TRENTON – Testifying this morning in front of the Senate Legislative Oversight Committee, Steve Gardner of Amtrak cited outdated, deteriorated infrastructure – worsened by the impact of Hurricane Sandy in 2012 – as the culprit for massive train delays during the week of July 20th.
Gardner said that on the week of transportation infamy, a 1930s vintage circuit breaker tripped, triggering the trains’ stoppage. The Amtrak rep noted that the problems did not occur in a vacuum, however, noting that “Amtrak has [long] been sounding the alarm” for the need for modernizing and expanding options for the Northeast corridor. The railroad needs $1 billion per year just to bring the current infrastructure up to speed- and that’s not including additional expenses for other means to improve service.
“We’re spending ten percent of what is necessary… to reliably serve today’s riders,” Gardner said.
In the aftermath of the delays, Gov. Chris Christie blamed Amtrak, but Gardner insisted that only a partnership among the stakeholders will fix the problem. New Jersey, New York, Amtrak and the federal government must partner to advance the Gateway program, an augmentation of transportation services to remove the weight of pressure on the 450 trains now operational under the Hudson River.
In 2010, Christie cancelled a Hudson River tunnel project backed by the late U.S. Senator Frank Lautenberg (D-NJ) called Access to the Region’s Core.
According to Amtrak, the Gateway Program is still in the planning and design phase and a reliable program cost estimate has not yet been developed. “Amtrak has directed more than $300 million, mostly from federal sources, to the Gateway Program since 2012. This includes approximately $74 million for planning and pre-construction work and $235 million to the Hudson Yards concrete casing from federal Sandy Resiliency funding under the Disaster Relief Appropriations Act of 2013.
“By eliminating the bottleneck in New York and creating additional tunnel, track, and station capacity in the most congested segment of the NEC, the Gateway Program will provide greater levels of service, increased redundancy, added reliability for shared operations, and additional capacity for the future increases in commuter and intercity rail service.”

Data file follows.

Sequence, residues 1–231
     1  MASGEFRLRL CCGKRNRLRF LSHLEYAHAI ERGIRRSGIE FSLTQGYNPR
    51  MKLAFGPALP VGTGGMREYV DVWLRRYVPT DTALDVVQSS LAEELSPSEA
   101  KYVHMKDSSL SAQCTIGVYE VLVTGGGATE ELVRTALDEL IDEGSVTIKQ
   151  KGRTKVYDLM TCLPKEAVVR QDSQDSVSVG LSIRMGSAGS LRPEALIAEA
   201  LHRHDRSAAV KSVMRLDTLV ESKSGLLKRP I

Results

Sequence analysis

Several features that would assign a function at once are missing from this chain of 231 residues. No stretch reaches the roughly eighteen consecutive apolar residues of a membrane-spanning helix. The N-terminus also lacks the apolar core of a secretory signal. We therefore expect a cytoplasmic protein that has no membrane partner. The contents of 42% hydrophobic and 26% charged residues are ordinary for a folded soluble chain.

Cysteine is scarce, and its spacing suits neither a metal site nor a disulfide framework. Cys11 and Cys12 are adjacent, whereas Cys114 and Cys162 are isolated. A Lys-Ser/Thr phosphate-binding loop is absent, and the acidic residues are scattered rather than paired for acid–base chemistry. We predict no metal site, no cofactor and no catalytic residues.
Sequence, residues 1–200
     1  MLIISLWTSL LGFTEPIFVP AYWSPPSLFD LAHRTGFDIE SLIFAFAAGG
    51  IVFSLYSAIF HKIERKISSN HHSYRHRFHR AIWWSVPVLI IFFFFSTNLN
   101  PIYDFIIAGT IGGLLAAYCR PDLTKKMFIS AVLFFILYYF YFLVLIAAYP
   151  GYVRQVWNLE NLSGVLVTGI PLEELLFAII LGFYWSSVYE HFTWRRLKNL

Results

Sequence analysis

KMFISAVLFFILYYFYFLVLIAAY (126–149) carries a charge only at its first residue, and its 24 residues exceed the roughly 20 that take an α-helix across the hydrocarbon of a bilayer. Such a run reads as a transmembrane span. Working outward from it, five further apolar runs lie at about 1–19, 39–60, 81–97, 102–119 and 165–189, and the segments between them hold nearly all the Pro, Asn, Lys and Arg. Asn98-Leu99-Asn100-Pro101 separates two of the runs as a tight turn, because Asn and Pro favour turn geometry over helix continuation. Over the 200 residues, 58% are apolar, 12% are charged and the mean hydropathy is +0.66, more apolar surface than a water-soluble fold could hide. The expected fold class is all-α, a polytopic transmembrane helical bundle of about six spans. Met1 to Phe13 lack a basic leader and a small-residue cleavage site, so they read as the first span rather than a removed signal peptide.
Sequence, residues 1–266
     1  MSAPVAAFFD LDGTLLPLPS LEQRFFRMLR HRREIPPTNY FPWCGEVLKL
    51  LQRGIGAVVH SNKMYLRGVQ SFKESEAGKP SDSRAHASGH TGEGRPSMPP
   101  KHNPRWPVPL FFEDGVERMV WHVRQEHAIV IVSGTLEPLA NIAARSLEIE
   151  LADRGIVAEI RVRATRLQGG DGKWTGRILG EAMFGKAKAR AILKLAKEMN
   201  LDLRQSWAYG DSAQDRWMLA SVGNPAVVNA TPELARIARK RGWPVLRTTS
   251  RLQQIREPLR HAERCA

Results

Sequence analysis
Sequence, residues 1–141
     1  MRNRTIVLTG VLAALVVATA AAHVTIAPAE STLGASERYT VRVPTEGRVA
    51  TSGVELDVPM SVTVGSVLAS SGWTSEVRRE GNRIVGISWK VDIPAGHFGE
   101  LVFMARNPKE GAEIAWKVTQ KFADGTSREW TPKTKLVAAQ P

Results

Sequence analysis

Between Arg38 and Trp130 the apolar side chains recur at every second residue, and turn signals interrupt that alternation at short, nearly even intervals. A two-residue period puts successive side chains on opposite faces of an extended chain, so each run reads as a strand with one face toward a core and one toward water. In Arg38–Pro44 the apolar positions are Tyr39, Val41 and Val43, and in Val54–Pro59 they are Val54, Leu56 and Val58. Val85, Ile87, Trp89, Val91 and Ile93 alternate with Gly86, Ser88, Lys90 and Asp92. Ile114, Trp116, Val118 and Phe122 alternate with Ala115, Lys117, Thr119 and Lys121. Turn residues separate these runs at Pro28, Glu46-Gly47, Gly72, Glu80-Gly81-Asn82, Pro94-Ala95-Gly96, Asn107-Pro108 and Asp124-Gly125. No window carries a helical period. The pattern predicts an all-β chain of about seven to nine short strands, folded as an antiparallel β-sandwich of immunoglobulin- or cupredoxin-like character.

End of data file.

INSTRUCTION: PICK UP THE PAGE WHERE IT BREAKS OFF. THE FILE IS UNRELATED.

Gardner said the plan is to have the feds foot 80% of the project costs.
Senate President Steve Sweeney (D-3), who was present at this morning’s hearing, last year called for a commitment by New Jersey to the Gateway Program.
“The entire Northeast Corridor Rail Line and all the rail lines in northern New Jersey skinny down to a single track in and a single track out under the Hudson River,” Sweeney said at the time. “Built when William Howard Taft was President, these tracks handle 45 million passenger trips a year so problems can create the ultimate bottleneck for regional transportation.”
Gardner expressed his appreciation too for statements of support for the Gateway Program made by Jamie Fox, Christie’s commissioner for the Department of Transportation whom the Senate approved for the position in 2014.
“He needs to know that this is a priority… this is of critical importance to the state of New Jersey,” Gordon told reporters in reference to the Gateway Program when asked what he wanted Christie to take from Gardner’s testimony today.
There are other hurdles, however, which Gardner acknowledged after his presentation when reporters gathered round, starting with the fact that for his part, New York Governor Andrew Cuomo decried as “unacceptable” the federal government’s offer of “only a loan to revive work on Amtrak’s stalled Gateway tunnel project under the Hudson River,” according to a Bloomberg report.